Grow and develop local talent to take on regional manager roles.
Participants showed positive shifts in leadership behaviors and advanced to next-level leadership roles from the cornerstone program.
Unleashing Talent From the Bottom Up
Olam is a leading global food and agri-business, supplying food ingredients, feed, and fibre to thousands of customers across the globe.
As part of Olam’s efforts to engage employees and strengthen the organization’s pipeline of future leaders, the L&D team took a specialized focus on frontline leadership development. They wanted to groom talent to build local bench strength, which would ensure sustained succession planning at that level and beyond.
Olam’s HR leaders saw the global manager role evolve from the company’s founding more than 30 years ago. “Today, our local talent is of a completely different caliber and they’re much more equipped to be climbing up the corporate ladder,” says Wendy Yeo, Regional Head, Learning and Development Asia-Pacific and Russia, at ofi (olam food ingredients). “They want progression and they're also calling out for an indication that the organization is investing in their career aspirations.”
Its shift in talent strategy and the evolution of this frontline manager role at Olam prompted HR leaders to investigate how they could start investing in frontline leader development. “We knew our high-potential manager candidates would benefit from an approach that's much more intentional and developmental,” says Yeo. “The objective is to facilitate deeper insights about their leadership motivation, domain capabilities, and help them hone their strengths, improve in areas of improvement, in preparation for leadership advancement within the organization.”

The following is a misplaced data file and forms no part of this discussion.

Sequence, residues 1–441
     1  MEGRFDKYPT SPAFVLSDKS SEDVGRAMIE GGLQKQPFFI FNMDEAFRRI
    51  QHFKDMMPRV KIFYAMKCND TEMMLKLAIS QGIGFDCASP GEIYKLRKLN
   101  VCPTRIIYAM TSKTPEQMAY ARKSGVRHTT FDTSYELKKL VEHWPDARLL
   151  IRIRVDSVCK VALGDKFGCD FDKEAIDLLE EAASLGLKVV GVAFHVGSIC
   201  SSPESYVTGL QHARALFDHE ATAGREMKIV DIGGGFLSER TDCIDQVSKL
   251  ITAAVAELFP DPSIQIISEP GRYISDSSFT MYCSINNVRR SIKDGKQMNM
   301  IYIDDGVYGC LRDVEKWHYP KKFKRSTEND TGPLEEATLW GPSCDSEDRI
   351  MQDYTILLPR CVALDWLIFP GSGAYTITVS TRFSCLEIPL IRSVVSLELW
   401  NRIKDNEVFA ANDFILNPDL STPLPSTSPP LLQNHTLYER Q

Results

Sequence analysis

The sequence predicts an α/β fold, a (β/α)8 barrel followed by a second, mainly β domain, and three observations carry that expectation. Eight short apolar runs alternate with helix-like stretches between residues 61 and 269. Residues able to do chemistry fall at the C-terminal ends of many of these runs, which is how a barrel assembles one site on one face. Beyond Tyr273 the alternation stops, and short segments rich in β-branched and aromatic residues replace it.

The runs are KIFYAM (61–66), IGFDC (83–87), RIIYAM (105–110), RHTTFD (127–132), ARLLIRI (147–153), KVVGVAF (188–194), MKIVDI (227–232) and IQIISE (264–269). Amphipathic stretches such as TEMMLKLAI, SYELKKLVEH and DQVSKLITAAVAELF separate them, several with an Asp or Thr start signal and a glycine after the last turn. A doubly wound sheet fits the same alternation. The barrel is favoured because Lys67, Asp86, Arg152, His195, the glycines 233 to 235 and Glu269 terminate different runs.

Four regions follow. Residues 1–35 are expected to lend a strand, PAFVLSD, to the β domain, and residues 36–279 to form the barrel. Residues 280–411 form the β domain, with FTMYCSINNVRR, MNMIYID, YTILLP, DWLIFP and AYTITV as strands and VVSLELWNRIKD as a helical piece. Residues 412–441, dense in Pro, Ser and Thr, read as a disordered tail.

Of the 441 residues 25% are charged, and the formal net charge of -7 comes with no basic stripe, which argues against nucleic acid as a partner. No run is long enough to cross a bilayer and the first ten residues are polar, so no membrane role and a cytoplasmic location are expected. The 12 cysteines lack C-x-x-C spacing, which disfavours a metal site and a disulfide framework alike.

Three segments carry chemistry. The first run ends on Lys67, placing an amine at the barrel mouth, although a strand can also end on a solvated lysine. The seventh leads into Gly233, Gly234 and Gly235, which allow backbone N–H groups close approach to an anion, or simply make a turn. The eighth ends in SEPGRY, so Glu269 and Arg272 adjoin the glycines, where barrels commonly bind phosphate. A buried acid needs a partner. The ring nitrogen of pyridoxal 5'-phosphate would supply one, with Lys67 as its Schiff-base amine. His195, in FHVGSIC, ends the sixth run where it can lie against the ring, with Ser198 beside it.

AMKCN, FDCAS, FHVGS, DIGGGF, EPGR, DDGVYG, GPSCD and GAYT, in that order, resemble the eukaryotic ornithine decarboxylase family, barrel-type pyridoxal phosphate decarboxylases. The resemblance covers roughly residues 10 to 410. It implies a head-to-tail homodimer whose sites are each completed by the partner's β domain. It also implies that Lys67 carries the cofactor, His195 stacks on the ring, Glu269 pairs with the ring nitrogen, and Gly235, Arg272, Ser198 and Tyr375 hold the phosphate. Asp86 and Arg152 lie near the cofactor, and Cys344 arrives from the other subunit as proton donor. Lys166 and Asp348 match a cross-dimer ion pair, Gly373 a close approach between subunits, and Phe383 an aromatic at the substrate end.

Creating the “Raising Leaders” Program
The Olam L&D team collaborated with DDI to co-design a robust, customized three-phase learning journey. The Olam team named the program “Raising Leaders.”
“Raising Leaders” kicked off with individuals completing an in-house multisource feedback tool and DDI’s Early Identifier assessment as prework. Early Identifier provides high-value insights on strengths, gaps, and how personality can affect performance. The assessment results provided Olam’s HR team with individual and group-based data on the strengths and gaps across key skills and personal attributes that measure leadership potential.
Individuals gained greater awareness of their developmental priorities to craft personalized development plans to use during training sessions. This approach helped each learner best leverage new insights and skills. Group-based data helped the L&D team prioritize which skills needed the most work and determine the training to close gaps.
The first phase of the program involved training participants in alignment with Olam’s business, culture, and vision. This phase was fully helmed by Olam’s very own “Leaders as Trainers” and facilitated by L&D managers.
For phases two and three, the Olam training team curated courses from DDI’s Foundation Subscription leadership development system to fit the needs of the “Raising Leaders” program. The team also chose course themes surrounding Self-Leadership, Being in a Team, and Effective Role Delivery through frontline leader competency-mapping as well as insights from Early Identifier. Other key developmental themes include Prioritizing and Productivity, Making High-Quality Decisions, Leading Teams: Achieve More Together, Leveraging Diversity, Communication: Connect Through Conversations, Influencing Others to Make Things Happen, Fostering Innovation, and more.